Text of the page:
It's hard to believe Luke was already baking in there!

Josh hung up from his phone call and I walked out of the bathroom. He said he could tell from the look on my face what the results were (although he didn't even know that I had bought a test). There was no surprising him or figuring out a clever way to announce it. I was shocked and I needed him to tell me that everything would be ok!

It all made sense why the diet coke at Red Lobster didn't taste right, why the coffee at the hospital repulsed me, and why the broccoli they delivered to his room almost made me gag. I put it all off on nerves, but little Luke was already doing his damage and making his momma sick! We called our parents and closest friends and everyone was just as shocked as we were. It's so hard to imagine Luke being such a surprise because it's like he was always meant to be here! I can't imagine life without him!!

I can still recall smells from that trip so vividly. They say a pregnant persons sense of smell is super heightened and I can totally attest to that. I remember how the hotel room smelled (being cooped up for a week without being able to open windows creates some pretty stale air). We didn't do much the rest of that week. Of course I jumped online and began looking at baby stuff which helped pass the time. There was a mall right down the street and I bought a pregnancy journal so I could start recording my feelings/thoughts. But I remember being cautiously optimistic keeping in the back of my mind that anything could happen.

I used all my "killer" supplies to clean Josh's catheter bag day after day. We didn't let the maids in to clean because he didn't want anyone to see his bags hanging from the towel racks in the bathroom (this still makes me chuckle thinking back to these details!). Ironically they had places us in a handicapped accessable room (on the 4th floor- still haven't figured that one out yet). But the bathroom was HUGE and the shower had a seat in it (which helped when I had to help him shower).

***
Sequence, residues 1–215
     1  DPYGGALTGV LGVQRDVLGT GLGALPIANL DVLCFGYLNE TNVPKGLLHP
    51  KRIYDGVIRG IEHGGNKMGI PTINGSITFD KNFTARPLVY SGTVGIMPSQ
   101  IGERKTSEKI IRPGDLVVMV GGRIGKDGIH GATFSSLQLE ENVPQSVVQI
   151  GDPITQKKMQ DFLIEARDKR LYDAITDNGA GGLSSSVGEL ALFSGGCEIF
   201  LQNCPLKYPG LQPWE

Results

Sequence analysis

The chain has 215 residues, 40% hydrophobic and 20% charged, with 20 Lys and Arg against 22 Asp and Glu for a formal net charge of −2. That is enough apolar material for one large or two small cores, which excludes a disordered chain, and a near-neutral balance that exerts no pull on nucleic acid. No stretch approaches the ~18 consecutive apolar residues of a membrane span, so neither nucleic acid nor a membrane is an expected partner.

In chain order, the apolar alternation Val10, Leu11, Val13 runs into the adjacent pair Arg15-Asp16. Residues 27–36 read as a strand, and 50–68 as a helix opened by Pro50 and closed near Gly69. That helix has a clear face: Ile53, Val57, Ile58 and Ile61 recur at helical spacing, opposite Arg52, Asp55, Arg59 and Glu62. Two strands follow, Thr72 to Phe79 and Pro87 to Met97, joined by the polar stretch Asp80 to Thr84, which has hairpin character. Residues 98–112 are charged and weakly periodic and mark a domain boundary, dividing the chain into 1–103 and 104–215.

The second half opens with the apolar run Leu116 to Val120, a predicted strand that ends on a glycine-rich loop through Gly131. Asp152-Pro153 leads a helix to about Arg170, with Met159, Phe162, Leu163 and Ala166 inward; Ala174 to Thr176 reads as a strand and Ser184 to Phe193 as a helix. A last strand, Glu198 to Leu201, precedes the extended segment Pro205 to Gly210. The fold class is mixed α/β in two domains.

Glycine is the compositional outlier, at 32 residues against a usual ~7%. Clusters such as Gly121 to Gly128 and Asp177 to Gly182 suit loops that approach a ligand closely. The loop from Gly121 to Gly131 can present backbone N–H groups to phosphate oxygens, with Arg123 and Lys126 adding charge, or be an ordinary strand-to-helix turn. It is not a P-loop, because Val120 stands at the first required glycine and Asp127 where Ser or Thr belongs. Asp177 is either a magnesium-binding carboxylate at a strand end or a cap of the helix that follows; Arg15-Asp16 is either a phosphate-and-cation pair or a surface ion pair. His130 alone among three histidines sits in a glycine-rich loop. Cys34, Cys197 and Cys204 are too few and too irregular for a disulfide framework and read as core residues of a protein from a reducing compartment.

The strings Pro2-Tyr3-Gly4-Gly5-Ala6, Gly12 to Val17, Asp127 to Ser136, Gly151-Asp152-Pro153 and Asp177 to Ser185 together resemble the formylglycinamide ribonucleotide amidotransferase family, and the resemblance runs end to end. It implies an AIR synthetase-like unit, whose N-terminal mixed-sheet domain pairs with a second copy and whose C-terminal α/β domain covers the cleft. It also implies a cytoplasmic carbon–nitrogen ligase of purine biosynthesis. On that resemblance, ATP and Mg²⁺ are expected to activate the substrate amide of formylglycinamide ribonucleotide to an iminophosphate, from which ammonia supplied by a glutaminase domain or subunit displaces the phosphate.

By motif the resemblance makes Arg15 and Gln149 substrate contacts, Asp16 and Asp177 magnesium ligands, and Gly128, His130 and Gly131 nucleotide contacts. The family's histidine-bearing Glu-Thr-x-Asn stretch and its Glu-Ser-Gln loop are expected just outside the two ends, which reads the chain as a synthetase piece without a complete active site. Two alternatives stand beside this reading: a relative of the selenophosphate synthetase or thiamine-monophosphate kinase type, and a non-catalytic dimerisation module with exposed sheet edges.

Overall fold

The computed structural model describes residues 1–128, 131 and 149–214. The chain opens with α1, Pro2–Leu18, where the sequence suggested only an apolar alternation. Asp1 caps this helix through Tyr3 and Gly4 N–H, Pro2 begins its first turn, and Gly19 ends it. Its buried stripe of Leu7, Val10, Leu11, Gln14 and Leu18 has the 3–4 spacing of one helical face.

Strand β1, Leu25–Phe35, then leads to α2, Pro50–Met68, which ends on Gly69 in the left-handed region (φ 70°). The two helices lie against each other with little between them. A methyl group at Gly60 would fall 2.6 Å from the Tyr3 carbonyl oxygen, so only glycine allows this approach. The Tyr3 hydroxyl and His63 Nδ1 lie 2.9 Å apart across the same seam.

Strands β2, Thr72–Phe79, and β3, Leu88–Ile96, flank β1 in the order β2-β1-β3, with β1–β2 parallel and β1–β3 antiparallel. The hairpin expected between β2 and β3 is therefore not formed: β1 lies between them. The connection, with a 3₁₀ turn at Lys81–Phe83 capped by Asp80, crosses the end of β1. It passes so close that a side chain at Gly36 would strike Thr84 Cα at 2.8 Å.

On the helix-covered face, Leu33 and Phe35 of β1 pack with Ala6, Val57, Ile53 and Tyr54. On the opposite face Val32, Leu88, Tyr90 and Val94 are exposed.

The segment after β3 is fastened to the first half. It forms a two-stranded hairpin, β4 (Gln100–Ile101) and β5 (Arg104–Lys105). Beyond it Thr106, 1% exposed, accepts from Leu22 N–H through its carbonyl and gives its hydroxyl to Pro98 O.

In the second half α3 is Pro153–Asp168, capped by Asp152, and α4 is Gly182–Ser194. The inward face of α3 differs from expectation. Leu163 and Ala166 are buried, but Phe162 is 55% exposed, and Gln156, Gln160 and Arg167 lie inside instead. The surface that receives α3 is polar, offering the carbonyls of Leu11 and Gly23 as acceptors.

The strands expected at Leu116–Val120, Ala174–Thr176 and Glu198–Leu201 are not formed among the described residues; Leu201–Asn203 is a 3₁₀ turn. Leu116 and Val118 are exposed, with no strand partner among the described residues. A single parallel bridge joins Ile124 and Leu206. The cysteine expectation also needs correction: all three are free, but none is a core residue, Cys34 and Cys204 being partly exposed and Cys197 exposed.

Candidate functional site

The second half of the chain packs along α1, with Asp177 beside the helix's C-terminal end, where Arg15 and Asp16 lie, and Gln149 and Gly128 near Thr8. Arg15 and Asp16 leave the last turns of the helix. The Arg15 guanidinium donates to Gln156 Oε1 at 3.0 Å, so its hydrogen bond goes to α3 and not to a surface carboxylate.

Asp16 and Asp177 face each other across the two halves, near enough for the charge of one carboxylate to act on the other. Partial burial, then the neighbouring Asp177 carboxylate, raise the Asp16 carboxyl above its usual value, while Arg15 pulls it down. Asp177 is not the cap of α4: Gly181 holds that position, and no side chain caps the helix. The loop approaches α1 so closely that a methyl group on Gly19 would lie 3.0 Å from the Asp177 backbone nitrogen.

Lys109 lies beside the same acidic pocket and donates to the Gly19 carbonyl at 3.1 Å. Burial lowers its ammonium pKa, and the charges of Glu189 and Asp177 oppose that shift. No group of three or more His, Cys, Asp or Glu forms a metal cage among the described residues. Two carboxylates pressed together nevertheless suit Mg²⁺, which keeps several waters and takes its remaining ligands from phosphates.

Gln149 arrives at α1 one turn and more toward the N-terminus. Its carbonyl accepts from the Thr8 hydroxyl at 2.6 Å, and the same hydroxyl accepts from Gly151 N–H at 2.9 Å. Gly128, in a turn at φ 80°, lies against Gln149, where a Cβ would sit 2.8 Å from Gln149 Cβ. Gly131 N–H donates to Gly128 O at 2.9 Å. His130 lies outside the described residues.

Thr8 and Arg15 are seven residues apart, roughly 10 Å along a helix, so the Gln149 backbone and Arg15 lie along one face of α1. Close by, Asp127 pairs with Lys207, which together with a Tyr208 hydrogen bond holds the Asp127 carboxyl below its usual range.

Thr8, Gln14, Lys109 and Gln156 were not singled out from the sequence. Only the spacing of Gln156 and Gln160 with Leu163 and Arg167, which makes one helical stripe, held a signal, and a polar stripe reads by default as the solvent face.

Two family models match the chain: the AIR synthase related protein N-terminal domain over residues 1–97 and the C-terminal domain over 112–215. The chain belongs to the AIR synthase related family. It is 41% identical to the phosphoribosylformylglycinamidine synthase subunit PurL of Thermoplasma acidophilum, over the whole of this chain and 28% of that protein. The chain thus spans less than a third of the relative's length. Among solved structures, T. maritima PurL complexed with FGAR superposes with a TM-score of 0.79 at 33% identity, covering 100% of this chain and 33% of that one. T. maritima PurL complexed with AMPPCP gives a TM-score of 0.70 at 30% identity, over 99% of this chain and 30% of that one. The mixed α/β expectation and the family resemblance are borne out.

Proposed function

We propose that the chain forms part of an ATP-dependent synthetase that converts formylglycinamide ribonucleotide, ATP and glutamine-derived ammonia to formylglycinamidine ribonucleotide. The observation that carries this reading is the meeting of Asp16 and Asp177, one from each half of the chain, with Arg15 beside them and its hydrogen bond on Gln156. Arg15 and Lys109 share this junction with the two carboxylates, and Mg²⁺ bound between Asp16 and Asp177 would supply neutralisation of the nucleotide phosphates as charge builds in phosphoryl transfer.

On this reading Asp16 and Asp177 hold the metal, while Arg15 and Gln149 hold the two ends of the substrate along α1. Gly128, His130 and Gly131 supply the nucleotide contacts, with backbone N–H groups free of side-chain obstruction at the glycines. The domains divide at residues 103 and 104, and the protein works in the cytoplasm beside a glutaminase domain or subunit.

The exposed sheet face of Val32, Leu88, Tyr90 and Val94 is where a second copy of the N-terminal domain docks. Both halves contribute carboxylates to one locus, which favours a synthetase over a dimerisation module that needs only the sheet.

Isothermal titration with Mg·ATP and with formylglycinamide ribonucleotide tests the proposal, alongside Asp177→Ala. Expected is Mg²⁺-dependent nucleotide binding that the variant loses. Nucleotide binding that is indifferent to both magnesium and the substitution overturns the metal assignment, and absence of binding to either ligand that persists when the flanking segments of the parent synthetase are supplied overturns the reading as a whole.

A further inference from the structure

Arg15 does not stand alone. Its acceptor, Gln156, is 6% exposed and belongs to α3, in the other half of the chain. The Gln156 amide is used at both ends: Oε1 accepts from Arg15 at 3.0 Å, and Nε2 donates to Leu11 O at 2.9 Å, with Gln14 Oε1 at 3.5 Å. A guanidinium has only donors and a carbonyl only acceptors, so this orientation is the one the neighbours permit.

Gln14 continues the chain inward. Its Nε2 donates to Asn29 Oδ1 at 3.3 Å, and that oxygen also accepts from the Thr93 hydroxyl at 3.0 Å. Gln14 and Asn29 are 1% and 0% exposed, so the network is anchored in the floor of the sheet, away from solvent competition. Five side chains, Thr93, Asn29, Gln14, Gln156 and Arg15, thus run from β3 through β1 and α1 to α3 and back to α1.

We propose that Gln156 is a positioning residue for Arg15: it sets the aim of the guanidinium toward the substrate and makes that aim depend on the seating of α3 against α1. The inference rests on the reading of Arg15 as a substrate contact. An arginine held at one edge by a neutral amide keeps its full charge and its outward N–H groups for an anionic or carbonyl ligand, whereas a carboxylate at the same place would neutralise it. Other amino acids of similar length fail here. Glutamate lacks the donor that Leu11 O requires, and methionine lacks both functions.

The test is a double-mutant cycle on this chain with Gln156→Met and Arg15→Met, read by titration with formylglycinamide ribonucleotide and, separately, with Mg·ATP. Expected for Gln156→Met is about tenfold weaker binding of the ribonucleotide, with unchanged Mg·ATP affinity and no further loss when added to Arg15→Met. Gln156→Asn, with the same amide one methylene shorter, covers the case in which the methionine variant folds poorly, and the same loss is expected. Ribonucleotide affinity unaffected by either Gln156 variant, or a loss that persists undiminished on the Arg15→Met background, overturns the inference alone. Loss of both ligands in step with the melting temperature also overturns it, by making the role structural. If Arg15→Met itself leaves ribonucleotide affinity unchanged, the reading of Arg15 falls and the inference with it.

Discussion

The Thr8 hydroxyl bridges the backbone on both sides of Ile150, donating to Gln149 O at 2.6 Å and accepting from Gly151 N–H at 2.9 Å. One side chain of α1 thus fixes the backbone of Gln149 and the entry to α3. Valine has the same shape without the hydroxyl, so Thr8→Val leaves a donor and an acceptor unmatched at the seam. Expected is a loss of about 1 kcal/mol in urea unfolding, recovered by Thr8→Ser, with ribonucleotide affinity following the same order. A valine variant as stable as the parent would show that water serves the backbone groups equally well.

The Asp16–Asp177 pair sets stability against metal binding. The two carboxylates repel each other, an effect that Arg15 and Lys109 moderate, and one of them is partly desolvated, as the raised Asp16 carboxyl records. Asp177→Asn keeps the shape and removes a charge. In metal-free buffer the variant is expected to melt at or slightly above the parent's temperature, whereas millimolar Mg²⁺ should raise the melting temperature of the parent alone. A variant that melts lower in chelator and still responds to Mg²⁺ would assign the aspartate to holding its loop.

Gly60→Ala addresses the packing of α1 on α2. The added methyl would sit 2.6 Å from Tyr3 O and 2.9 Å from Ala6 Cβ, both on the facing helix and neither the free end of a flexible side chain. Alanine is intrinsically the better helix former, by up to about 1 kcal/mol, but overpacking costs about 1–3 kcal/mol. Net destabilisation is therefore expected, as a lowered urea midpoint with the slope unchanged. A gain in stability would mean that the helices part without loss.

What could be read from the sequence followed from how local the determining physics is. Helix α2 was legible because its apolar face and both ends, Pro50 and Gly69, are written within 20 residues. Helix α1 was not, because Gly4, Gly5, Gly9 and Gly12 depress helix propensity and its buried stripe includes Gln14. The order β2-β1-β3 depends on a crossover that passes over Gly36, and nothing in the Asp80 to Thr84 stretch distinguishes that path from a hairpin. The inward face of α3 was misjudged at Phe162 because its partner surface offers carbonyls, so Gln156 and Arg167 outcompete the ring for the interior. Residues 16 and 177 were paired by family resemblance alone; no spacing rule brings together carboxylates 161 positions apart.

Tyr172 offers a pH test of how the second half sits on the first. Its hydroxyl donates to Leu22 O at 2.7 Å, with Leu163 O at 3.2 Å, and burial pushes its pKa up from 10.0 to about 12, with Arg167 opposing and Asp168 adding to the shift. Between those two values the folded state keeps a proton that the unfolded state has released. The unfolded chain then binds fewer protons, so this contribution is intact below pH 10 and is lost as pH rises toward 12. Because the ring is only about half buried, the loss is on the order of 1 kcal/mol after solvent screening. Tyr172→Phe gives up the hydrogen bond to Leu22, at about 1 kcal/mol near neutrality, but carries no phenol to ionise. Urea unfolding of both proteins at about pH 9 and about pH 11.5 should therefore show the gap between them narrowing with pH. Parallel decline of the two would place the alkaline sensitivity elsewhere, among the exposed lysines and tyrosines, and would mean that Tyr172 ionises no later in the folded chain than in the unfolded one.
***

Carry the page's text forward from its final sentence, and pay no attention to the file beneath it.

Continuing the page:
He ventured out for the first time on Easter Sunday. We have friends who had relatives in Norfolk and they asked us over for lunch that Sunday. Josh was still pretty self conscious about his "bag" so we declined the invite and went to Olive Garden instead. It was his first time wearing the discreet cath bag on his leg- it is truly something neither of us want to relive!

His post op was scheduled for the following Tuesday. We both hoped that they would inspect his catheter and say that it was healed, they would remove it, and we would be on our way home. Instead they said it needed to be in a full 10 days to ensure that his bladder healed and that we would need to have the bag removed in Georgia. Which meant a 10 hour drive home with it.

We packed up our bags and left that Wednesday (exactly a week after we found out about the pregnancy). It was POURING rain that day and we had his Tacoma. Thankfully because of all the trashbags I had bought we had to wrap our luggage up and seal it with duck tape. Also he was still practically immobile so I had to do all the packing, wrapping, and loading- in the rain- and I was pregnant. Fun times.

We made the best of it all the way home and giggled that I had to stop every hour to pee and he could have made it the whole way without stopping! There are perks if you look at situations optimistically.